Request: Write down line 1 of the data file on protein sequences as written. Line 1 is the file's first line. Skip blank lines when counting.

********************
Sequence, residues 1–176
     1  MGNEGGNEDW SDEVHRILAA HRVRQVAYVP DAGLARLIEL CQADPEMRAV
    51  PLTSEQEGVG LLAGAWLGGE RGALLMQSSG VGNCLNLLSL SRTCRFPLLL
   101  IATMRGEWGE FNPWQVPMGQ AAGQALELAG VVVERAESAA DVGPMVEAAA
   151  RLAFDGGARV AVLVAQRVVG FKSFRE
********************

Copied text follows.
Sequence, residues 1–176